I am the second person to find out about my first period. Mum is helping me in the narrow bathroom of our rental. A long, sturdy rail is attached to the wall, but the room is not wide enough to have the wheelchair in with me. Instead, there is a dance to getting in and out of there. My period is only light, and she is unsure what it is at first. When she realises, she tells me, and we share the news with my Dad almost immediately. Both my parents grin oversized grins at me. Their joy at this is bigger than mine. Just weeks ago, I had moaned to Mum about not having reached this particular milestone. My twin sister was ahead of me.
Now though, I am turned inward, feeling the new, dull ache of cramps. The openness with which this event is approached doesn’t bother me; in fact, it hardly registers. I still think it was healthy not to hide it, gender it heavily as ‘women’s business,’ or make it shameful. My parents’ attitudes matched the way they had always parented my siblings and me.
Being physically disabled had trained me for this kind of transparency. For as long as I can remember, I have been asked to account for my body. The expectation to tell-all is inherent in my interactions with everyone from doctors, special needs coordinators, to journalists. There are members of the public who think it is acceptable to ask questions about everything from my mobility to my sex-life because my body is different from theirs – their inquiries a verbal kind of staring.
It is helpful not to feel embarrassed when I have to ask support workers to deal with bloodied sheets or pad changes. I laugh that one support worker knows my cycle better than me. My own openness is partly pragmatic, partly automatic. I am still learning that I do not owe everyone the whole story of my body. That it belongs to me and not my medical file. I am learning this from pushing back against able-world ogling as much as I am learning it from my staunch disabled friends, learning in gentle and difficult ways.
The beginnings of this realization came in my early teens, although again, it isn’t immediately significant. I am staying at my friend Harriet’s flat when my period arrives unexpectedly. Having spent the weekend feeling grown-up living among the obvious sophistication of people in their mid-twenties, I feel helpless and disappointed in myself for being unprepared. She laughs Stupid period shit! Pads are quickly sourced. She helps me position one and folds the wings down, making no comment. I love her for this. Later, when she high-fives her visiting boyfriend goodbye, I am amused thinking: You could’ve kissed him in front of me, you know.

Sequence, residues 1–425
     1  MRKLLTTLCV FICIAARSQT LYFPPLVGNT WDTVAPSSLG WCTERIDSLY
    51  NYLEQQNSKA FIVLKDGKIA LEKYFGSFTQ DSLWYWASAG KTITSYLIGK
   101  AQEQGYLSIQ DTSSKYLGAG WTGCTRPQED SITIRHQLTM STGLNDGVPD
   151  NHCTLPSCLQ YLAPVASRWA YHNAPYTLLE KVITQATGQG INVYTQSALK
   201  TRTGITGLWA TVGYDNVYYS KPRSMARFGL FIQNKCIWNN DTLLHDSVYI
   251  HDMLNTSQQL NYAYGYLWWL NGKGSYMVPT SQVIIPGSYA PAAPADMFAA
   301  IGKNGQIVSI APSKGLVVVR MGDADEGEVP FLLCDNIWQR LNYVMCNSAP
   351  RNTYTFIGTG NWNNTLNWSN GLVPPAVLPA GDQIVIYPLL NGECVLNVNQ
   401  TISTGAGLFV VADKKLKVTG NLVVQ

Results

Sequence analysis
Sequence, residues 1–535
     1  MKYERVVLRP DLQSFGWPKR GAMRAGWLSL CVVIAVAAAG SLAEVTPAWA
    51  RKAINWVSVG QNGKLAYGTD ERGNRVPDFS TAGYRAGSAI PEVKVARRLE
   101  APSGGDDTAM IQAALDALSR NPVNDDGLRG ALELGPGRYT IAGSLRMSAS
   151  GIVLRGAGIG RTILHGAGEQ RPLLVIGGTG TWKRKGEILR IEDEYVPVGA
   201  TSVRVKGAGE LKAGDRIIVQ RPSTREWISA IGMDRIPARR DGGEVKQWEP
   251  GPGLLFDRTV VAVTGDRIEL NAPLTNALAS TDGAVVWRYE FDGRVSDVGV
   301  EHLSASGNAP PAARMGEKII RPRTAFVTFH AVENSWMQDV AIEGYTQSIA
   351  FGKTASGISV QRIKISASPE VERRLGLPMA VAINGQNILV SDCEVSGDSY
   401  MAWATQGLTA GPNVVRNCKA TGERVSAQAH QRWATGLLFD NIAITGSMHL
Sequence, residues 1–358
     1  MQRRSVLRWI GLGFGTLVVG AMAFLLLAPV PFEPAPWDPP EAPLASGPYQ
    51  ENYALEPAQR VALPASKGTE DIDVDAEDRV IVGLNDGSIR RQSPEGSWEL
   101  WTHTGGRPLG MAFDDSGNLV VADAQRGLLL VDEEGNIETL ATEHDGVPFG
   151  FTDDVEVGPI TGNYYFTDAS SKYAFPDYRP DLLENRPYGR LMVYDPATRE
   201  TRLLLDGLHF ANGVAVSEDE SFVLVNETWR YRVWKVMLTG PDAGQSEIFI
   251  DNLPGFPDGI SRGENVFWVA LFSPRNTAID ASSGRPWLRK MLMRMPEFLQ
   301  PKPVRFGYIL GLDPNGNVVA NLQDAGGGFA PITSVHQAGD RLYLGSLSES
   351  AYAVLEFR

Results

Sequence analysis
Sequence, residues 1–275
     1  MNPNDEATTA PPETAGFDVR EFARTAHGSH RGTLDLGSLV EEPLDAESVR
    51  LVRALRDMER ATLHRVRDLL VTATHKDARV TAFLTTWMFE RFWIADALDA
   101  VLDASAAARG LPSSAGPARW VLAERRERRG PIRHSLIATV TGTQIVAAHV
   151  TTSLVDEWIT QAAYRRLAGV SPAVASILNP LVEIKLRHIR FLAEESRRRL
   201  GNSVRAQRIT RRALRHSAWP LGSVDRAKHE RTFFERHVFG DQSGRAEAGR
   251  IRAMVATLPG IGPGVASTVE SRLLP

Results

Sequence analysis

Art: Pinky Fang
The support we get as disabled people to manage menstruation is often more complicated than this. I have been lucky to have consistent doctors and support workers in the last few years who have respected my bodily autonomy. There have been times when people supporting me have made unwelcome comments on my body. There have been times in medical appointments when the idea of the pill or injections have seemed to loom out of nowhere. I know these methods can be useful, and there is no shame in them. I still find myself considering them as my tense muscles mean things like tampons and mooncups are a no-go. I have a stubborn affection for my period, though. I am lucky it causes me only inconvenience and not dysphoria. I like the potential future of biological babies it symbolizes – even though the idea of being a parent in an ableist society on our strained living planet scares me.
The problem is not how we relate to our bodies. There is often undue policing of disabled bodies: their functions and sexuality, of which our periods and our autonomy over them are a small part.
We experience this in myriad ways – the ableism we experience takes many forms and hits people with learning disabilities hardest. For example, the infantilizing able-gaze of mainstream media on our love lives; inaccessible sexuality education, this same exclusion meaning our sexual or gender expression is deemed inappropriate; the normalization of sterilization, and, if we do have children, an Adoption Act with the potential to rob us of the chance to parent, or simply the openly expressed opinion that we are selfish for pursuing parenthood.
This hurts, achingly and often. Having body-positive experiences as disabled people should not be – as so many things in our lives are – inaccessible. The messy reality of disabled bodies is as close as our own skin, and so too must be ours to control.